I have a question regarding the values that are obtained for Shannon alpha diversity.
I am analyzing gut microbiota samples sequenced with Illumina, for some of these samples the V3/V4-region was sequenced, and for others only V4. The alpha diversity for V3-V4 is approximately 5-8 while for V4 is around 1-5.
Do these results make sense? Which factors can have an effect on alpha diversity?
That is a great question! Alpha diversity is usually calculated using ASVs/OTUs, which means that taxonomic assignment (which may be affected by the region of interest) doesn’t have a role. Shannon diversity will be high if you have many ASVs (evenly distributed) and that’s it. That is, it doesn’t matter if your ASVs are V3-V4 or V4 amplicons. In this sense, if in sample A you have 2 reads, representing 2 ASVs that come from V3-V4; and in sample B you have 2 reads, representing 2 ASVs that come from V4, the Shannon index for both samples will be the exact same.
Therefore, it makes sense that V3-V4 samples have overall higher Shannon diversity, because as you are interested in 2 variable regions, there is a bigger chance you will find more ASVs than when looking to V4 only.
Actually, for this reason, as far as I know it is not advised to compare diversity metrics between samples sequenced with different primer pairs.
Hope this helps!
My first reaction to @Marmur’s question was: “this feels a lot like a test question, and thank goodness I’m not in school any more!”
One additional thought regarding @vheidrich’s response:
While it’s true that alpha diversity might not care about the taxonomic classification of an ASV/OTU, the sequences themselves can be used to convey information in particular alpha diversity estimates. See the alpha diversity section in the Moving Pictures tutorial, specifically, the alpha diversity calculation using Faith’s Phylogenetic Diversity.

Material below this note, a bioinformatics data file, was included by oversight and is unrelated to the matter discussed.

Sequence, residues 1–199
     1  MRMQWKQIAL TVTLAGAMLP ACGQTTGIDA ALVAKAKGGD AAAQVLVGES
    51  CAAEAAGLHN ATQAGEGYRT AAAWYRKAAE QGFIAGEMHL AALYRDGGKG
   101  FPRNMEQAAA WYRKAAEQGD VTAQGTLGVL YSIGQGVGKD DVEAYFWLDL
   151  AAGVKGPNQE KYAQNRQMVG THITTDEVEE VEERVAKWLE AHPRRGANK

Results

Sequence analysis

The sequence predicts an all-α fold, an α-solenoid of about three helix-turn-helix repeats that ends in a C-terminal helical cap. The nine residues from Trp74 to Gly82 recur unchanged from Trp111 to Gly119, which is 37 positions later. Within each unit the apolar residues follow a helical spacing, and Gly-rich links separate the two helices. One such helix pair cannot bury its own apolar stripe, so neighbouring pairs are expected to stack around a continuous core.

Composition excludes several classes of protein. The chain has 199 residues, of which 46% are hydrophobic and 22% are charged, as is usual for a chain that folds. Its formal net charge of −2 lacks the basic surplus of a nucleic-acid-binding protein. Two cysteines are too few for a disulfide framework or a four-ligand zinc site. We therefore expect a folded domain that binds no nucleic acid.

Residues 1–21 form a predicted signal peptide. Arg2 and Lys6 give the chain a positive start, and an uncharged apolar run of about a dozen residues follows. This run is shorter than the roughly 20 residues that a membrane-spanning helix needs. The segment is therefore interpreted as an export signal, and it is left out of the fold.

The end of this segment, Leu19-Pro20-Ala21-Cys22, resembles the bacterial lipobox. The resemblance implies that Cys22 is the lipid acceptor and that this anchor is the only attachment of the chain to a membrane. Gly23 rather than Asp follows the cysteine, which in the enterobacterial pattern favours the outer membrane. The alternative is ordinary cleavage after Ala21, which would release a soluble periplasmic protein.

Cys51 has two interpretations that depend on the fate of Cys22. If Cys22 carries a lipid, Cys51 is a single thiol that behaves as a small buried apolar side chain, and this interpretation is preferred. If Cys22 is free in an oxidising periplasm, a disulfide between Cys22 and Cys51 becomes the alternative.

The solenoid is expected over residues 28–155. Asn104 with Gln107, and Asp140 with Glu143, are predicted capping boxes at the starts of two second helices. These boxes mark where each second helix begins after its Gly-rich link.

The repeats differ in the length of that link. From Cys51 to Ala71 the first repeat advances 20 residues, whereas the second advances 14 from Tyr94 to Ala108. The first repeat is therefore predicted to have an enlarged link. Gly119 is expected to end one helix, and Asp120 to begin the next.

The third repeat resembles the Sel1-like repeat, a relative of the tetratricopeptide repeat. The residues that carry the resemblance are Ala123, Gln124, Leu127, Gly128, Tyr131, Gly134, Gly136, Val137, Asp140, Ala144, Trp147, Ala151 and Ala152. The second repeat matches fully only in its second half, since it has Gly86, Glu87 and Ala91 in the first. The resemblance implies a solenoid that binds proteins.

Please note that I’m not disagreeing with Vitor’s post in any way; I just wanted to point out that you can also include additional information when calculating alpha diversity beyond the number of sequences of a feature.
Thank you very much for your answer and feedback, it was very useful !!
Regarding this issue
I have read that you can extract the V4 region from the V3-V4 datasets using cutadapt to be able to compare between datasets. So, which would be the correct process to do that?
I never did anything like that, but I will take a wild guess here.
First I would make sure which exact regions are spanned by each of your primer pairs. Then, as you suggested, I would trim the raw sequences (V3-V4 and V4, if necessary) so that all amplicons span the very same region. Afterwards, I would separately denoise each dataset (originally V3-V4 and originally V4) using dada2. Finally, I would merge the outputs of dada2, ending up with a single dataset with comparable samples ready for diversity analyses.
My guess is that V3-V4 is much longer than V4 alone, so simply the V4 unique ASVs or OTUs have further variations in the V3 region, which make richest collection of unique sequences, hence higher diversity. Or, in the other direction, different V3-V4 OTUs or ASVs may collapse if the differences present only in the V3 do not separate them.
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